The novel mainly follows the lives of the Belseys, a mixed-race family who become entangled with another family, the Kipps. The fathers in both families are at odds with each other in the academic world, and this conflict is used to explore the emergence of the so-called culture wars in a post 9/11 world. As the title suggests, the novel is also very much a meditation on what makes someone or something beautiful, as Howard Belsey is very much of the opinion that it is consumers of art who project beauty onto specific pieces, rather than the art being beautiful in itself.

I enjoyed the novel for the most part. I loved the way that each character and setting came to life in the opening sections through close attention to detail, and I was intrigued by the various conflicts and entanglements between the huge cast of characters. I powered through the first half or so of the novel incredibly quickly, but I felt the final chapters weren't quite as good as the rest of the novel, perhaps because the characters don't really seem to develop that much - it's very much plotted events that drive the closing section, rather than any sort of lessons learned by the characters themselves.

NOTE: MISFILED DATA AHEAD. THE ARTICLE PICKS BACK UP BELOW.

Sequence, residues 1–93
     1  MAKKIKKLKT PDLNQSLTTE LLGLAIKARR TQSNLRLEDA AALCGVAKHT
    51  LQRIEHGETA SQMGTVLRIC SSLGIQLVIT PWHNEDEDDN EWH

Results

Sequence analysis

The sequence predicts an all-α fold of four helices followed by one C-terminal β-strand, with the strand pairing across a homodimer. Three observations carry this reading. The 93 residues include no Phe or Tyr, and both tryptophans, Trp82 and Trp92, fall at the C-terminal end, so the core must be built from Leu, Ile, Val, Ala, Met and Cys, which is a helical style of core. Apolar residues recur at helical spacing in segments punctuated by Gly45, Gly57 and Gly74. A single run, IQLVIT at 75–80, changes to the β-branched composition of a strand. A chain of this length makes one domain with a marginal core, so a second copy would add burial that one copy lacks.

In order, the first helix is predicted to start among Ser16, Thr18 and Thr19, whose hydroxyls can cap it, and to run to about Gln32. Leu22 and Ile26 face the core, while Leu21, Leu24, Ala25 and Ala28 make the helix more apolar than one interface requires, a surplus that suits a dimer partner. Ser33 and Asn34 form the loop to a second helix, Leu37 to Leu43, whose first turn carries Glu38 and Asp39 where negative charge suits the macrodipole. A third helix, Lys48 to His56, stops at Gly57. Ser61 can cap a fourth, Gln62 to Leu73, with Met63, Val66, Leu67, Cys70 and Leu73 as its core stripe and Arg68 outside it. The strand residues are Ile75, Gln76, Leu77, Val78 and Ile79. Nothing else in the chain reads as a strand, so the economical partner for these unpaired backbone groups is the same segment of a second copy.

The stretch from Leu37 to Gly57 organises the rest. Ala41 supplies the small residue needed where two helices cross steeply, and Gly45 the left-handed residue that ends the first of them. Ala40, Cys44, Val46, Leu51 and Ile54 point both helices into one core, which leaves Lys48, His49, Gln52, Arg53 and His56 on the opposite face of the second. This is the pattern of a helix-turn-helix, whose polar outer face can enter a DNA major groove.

Also, perhaps I'm being overly sensitive, but I got a bit tired of the repeated references to fatness/overweight people in the novel. I understand where it comes from in terms of the 'is beauty in the eye of the beholder?' theme that Smith explores, and it isn't intended to be malicious, but I felt that it was maybe overegged quite a bit - for example, Kiki (my favourite character by far) is repeatedly described in terms of her weight by various characters, which seemed a tad unnecessary to me.

Still, On Beauty is a generally good read. I rate it 3.75/5, rounded up to 4. ( )
  mooingzelda | Jan 8, 2021 |